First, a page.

Even as companies overall are making significant use of many digital tools, variations among companies in different industries remain considerable. Overall, software and Internet companies spent the largest portion of their R&D budget on deploying and operating digital tools, at 15 percent, followed by aerospace and defense companies, at 12 percent.
Interestingly, computing and electronics companies invested the smallest percentages of their budget on these tools—less than 6 percent. However, that still adds up to a significant amount, given their high overall R&D spend (see Exhibit 3).
Naturally, companies in different industries tend to use the tools that can help create their unique products and services. The aerospace and defense industry, for example, relies heavily on CAD software, visual simulation, and customer immersion labs. These are not among the most-used digital tools in other industries. With the industry’s high development costs and levels of complexity—building submarines, for instance—it is understandable that aerospace and defense companies would find these tools more useful than, say, social media dashboards. Companies in the software and Internet sector, however, make extensive use of social media, as well as monitoring and location detection of customer behavior and product usage—also no surprise, given that their B2C business models rely on customers who are highly likely to be online and mobile.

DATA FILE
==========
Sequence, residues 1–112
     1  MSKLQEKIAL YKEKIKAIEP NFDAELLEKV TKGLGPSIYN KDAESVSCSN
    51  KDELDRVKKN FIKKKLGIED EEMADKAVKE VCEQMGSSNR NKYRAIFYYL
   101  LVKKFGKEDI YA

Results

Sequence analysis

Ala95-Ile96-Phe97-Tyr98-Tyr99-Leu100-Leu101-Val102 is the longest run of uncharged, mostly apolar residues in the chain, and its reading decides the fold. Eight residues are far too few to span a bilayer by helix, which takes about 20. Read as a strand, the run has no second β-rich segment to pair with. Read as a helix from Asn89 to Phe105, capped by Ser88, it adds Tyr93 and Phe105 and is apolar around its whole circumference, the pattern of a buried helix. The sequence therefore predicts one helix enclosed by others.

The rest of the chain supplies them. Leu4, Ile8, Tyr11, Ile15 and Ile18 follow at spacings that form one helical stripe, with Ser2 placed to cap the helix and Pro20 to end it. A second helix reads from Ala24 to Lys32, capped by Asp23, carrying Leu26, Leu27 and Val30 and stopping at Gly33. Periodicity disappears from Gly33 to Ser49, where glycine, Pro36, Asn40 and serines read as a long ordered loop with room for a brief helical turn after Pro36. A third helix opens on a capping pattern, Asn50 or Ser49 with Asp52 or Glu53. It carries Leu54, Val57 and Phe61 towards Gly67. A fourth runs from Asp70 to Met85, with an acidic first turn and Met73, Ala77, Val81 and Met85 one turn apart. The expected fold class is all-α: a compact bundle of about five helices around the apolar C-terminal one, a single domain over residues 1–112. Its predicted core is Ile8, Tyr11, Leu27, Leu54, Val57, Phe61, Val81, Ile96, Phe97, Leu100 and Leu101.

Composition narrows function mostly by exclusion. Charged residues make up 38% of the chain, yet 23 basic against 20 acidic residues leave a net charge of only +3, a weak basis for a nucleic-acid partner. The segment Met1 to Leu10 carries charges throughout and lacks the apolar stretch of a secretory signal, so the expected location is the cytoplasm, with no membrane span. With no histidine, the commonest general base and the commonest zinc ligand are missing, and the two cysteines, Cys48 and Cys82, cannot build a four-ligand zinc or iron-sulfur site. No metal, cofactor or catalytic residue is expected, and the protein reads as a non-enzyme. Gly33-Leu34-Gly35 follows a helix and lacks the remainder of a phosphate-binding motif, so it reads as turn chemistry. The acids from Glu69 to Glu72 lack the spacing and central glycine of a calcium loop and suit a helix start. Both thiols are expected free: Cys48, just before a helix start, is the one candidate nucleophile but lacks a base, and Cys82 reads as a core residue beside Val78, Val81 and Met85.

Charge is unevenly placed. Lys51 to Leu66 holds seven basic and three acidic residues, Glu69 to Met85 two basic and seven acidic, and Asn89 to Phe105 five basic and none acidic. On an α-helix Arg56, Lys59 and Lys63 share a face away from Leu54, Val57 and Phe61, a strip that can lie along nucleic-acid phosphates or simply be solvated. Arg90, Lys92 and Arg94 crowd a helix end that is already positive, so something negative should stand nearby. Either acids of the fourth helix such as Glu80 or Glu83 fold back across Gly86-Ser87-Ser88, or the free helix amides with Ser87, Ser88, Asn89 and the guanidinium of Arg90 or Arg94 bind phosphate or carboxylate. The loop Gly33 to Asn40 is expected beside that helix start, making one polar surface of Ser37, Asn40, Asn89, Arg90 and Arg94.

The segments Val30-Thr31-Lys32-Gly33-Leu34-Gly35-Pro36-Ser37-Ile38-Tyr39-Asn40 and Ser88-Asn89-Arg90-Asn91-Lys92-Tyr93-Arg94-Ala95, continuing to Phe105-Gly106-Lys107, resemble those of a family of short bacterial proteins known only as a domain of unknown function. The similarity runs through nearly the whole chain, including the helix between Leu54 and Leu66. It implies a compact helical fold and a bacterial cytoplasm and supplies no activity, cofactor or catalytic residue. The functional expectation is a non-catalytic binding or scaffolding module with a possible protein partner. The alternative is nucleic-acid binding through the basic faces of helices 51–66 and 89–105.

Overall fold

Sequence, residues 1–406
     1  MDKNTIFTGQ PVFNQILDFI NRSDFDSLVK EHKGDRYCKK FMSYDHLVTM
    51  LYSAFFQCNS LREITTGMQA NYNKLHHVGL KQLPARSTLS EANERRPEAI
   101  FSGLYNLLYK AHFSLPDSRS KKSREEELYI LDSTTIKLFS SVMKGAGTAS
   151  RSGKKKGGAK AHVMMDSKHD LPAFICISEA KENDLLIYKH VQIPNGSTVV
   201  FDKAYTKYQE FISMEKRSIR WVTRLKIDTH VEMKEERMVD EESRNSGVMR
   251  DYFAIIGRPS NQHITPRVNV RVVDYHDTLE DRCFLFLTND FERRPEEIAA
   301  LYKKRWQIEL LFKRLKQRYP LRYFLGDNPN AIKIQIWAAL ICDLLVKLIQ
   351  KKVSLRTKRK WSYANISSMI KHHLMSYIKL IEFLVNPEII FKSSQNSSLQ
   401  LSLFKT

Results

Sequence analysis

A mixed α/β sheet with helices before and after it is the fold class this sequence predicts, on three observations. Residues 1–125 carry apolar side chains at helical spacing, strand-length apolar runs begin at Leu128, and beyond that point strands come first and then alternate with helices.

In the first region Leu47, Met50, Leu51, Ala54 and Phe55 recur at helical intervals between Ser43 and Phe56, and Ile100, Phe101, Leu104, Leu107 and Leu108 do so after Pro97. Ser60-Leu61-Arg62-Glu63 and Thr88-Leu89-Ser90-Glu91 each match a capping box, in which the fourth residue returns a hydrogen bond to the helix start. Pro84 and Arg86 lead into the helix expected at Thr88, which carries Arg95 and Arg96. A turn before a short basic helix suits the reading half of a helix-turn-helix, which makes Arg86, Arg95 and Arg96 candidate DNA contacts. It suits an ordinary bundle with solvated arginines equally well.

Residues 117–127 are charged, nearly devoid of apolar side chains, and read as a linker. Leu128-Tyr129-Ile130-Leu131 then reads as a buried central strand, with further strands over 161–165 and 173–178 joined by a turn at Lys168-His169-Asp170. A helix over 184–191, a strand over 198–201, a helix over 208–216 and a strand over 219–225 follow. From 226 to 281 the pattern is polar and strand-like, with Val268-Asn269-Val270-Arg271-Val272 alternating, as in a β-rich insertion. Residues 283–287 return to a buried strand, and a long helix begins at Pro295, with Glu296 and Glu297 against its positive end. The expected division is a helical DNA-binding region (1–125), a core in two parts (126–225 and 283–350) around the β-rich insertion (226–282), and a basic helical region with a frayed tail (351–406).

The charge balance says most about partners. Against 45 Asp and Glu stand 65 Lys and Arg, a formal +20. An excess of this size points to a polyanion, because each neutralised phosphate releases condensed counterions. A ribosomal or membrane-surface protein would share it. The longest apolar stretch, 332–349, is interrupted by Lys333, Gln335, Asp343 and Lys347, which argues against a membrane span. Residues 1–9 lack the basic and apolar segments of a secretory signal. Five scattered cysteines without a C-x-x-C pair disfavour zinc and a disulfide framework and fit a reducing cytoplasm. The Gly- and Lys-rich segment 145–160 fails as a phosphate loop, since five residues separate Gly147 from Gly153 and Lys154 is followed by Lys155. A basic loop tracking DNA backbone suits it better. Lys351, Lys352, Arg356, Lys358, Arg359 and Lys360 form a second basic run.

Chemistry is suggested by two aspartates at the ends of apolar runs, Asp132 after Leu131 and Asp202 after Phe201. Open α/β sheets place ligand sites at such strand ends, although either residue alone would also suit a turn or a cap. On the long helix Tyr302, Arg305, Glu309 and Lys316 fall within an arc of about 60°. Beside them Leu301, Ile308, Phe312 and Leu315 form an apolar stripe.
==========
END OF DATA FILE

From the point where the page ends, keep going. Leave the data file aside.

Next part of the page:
We also observed distinct differences in the level of usage (or adoption) of digital enablers by innovation strategy model. Since 2007, we have segmented companies into three distinct strategic groups—Need Seekers, Market Readers, and Technology Drivers. Need Seekers, the most prevalent model in the innovation hub that is Silicon Valley, engage customers directly to generate new ideas, then develop original products and services and get them to market first. Market Readers are fast followers. They typically generate ideas by closely monitoring their markets, customers, and competitors, focusing largely on creating value through incremental innovations to current products. And Technology Drivers depend heavily on their internal technological expertise to develop new products and services, driving both breakthrough innovation and incremental change, in hopes of meeting the known and unknown needs of their customers via new technology.